So how much “traverse” is enough? That depends on your safari experience. Those who have already done several safaris may want to spend longer periods with a certain animal. Instead of just taking some pictures of that animal, they may want to follow it, and study it’s natural behaviour. But not all lodges can provide such experiences. 

For example; lodges that share their traverse with a lot of other lodges nearby may have to stick to 15-minute time frames at every animal sighting. Fifteen minutes is plenty of time for first-timers. Lodges that provide game drives like this are actually perfect for them; it maximises their chances to see - and take pictures of - all the animals. But for the seasoned safari traveler fifteen minutes might not be enough. It is therefore advisable that they  choose lodges that have large territories, without having to share too much with the neighbours. Yes, you guessed it; these are more expensive. But don’t worry! The Safari Bug has all the latest information regarding traversing rights in the private parks (in total hectares the lodge can drive on, as well as in number of vehicles that a lodge has to share that traverse with). We can help you to find the perfect lodge for your needs and budget.

The Safari Bug has all recent information with regards to traversing rights in the private reserves, and can help you to choose the right lodges.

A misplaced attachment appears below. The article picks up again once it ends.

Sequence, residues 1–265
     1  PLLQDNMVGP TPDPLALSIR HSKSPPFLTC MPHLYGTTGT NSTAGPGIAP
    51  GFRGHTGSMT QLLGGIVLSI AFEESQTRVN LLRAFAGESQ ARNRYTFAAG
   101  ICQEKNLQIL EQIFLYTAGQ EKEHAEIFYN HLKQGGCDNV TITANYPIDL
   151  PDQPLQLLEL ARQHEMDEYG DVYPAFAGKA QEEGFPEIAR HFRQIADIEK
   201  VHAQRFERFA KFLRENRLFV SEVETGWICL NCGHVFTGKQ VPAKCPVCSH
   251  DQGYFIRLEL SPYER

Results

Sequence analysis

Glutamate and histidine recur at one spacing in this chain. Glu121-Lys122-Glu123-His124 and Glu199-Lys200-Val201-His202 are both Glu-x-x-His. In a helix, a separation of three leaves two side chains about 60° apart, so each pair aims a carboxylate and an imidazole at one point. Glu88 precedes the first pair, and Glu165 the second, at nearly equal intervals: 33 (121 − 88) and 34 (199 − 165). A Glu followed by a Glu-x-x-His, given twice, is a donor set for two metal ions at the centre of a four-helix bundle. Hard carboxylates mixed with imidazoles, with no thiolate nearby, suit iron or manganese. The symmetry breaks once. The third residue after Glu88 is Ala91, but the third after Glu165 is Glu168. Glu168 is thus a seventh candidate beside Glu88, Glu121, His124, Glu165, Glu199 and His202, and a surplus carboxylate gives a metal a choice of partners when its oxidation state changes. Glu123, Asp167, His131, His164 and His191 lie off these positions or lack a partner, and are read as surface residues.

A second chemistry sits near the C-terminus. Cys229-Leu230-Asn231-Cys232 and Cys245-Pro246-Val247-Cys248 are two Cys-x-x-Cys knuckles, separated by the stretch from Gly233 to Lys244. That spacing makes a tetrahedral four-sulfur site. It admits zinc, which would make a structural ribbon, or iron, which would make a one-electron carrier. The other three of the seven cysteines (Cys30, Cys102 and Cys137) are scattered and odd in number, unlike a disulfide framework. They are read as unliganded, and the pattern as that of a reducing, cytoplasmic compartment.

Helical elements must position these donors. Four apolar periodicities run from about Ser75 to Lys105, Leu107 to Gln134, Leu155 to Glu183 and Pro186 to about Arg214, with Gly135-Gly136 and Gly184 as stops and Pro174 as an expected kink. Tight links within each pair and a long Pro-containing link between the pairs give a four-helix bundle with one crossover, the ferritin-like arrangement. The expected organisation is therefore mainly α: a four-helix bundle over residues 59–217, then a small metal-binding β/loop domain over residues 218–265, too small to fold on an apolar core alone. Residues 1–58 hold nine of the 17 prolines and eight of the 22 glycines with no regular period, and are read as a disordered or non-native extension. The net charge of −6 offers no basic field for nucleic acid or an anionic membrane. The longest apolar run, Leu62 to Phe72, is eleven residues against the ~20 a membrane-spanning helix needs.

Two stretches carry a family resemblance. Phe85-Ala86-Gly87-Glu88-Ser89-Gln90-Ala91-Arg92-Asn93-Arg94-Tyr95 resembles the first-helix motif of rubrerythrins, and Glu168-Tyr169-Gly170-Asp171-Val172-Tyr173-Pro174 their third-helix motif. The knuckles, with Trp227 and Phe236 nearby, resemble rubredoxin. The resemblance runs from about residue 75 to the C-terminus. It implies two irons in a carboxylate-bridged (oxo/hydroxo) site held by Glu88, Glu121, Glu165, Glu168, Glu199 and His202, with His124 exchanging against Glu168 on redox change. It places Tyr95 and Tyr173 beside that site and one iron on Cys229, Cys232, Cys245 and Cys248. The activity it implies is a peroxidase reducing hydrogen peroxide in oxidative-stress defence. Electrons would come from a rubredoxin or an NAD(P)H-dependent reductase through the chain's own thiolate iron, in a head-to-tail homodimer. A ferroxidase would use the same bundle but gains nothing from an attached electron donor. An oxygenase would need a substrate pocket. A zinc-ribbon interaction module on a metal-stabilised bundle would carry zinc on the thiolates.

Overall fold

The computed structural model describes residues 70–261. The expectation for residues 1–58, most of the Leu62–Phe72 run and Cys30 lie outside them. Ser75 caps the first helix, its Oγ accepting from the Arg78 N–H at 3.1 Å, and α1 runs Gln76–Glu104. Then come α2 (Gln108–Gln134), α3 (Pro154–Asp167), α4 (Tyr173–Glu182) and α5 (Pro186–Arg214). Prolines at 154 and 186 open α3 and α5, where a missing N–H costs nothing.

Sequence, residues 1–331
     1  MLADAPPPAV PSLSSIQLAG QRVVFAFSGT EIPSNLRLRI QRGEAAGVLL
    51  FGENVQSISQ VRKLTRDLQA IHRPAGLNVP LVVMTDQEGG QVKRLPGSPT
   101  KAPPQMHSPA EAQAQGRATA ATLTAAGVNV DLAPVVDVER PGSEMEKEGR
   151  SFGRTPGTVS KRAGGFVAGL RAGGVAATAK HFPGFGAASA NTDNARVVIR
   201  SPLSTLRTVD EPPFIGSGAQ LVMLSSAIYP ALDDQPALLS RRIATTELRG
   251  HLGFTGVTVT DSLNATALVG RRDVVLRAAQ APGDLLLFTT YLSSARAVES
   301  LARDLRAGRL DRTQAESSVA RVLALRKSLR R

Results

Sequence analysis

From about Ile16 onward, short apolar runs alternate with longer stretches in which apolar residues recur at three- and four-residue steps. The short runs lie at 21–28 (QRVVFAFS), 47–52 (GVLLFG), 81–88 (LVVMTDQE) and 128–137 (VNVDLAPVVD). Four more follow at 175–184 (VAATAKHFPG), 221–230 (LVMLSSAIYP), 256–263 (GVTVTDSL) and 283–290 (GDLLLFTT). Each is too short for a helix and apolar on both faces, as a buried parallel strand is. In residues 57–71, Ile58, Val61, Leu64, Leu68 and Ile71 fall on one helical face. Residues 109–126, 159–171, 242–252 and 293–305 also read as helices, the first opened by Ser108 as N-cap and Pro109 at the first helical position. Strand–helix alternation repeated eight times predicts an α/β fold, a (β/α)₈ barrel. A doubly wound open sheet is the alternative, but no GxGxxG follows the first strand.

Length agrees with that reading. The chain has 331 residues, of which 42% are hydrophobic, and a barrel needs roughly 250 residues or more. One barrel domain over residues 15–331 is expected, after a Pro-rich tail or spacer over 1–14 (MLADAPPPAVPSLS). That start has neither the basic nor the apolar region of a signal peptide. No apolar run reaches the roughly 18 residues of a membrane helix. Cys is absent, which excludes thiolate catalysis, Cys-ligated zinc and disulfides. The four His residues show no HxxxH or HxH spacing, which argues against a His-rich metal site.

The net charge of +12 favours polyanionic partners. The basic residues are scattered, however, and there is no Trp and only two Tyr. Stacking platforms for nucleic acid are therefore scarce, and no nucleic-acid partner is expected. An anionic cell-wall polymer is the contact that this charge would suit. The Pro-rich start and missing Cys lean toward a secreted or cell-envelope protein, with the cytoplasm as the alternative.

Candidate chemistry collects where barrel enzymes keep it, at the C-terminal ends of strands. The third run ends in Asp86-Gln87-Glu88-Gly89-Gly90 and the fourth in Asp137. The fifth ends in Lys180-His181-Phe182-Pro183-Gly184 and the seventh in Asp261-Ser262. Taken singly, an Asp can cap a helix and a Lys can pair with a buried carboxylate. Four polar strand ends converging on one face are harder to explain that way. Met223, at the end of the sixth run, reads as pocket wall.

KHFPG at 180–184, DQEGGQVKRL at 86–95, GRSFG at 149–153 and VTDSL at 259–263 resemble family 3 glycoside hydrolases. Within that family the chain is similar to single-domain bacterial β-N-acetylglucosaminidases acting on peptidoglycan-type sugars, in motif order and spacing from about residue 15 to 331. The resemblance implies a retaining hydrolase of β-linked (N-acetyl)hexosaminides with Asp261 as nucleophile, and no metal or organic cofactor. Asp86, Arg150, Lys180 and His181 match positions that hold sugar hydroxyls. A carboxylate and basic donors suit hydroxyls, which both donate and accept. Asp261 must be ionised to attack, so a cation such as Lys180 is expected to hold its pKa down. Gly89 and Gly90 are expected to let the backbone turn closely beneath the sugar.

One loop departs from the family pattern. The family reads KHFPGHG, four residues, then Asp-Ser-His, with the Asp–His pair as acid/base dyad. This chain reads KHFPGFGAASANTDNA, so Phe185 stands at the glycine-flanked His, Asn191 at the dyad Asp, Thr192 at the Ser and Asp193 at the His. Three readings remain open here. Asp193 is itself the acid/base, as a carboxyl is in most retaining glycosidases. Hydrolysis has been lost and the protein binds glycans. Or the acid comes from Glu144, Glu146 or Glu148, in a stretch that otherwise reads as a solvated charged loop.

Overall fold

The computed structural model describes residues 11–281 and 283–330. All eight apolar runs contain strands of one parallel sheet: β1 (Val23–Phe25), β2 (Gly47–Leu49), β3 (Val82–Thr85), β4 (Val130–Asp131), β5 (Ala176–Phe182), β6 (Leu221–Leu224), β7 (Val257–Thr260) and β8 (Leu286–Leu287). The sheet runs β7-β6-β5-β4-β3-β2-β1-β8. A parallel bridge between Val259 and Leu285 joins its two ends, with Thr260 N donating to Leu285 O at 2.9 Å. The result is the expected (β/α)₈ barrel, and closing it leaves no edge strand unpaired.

The Africa Bug
never cuts corners

No safari lodges outside park boundaries
The appropriate vehicles, adapted for driving in the bush
Knowledgeable guides and trackers

That does not make us the cheapest
nor does it make us the most expensive

It makes us the best 
in terms of price / quality



 
 
 

2. Which vehicle?

 
Here we can be brief; our preference is a fully open vehicle. No roof or windows. Some lodges even take off the front doors (where the guide is sitting). The aim is obviously to get as close to nature as possible. A roof can also be annoying when observing and photographing birds. The sun is less of a problem than you might think; game drives are done early in the morning or in the late afternoon. At that time a a hat or cap is sufficient.

Of course it must also be a vehicle with high clearance and which has a 4x4 drive with differential lock (so you can go over obstacles as you go off-road). Our hair stand on end when we see people driving in the bush with a mini-van (how does that feel? Must you take turns peering through the little window?s), or with a lorry that has wooden benches mounted on the back (how do remain seated when such a thing is moving? And how can you avoid your photo equipment from falling?)
 
 
 

3. Private parks or public parks?

 
A public (or national) park is owned and operated by the government. A private park is a place where a number of land owners got together, dropped their fences, and agreed on a common set of rules. If you have not yet experienced safaris in both types of parks then you probably do not know how big the difference can be. You may even think that there is no difference at all. But it’s quite the contrary. 

So what are the main differences? 

a. who can enter. The
gates of a public park are open to everyone, even those who have not booked accommodation within the reserve. There is no limit to the number of vehicles allowed (except perhaps for the east-gate to Chobe National Park, near Kasane in Botswana). The gates of a private reserve only open for people who can prove they booked accommodation in one of the lodges on the reserve.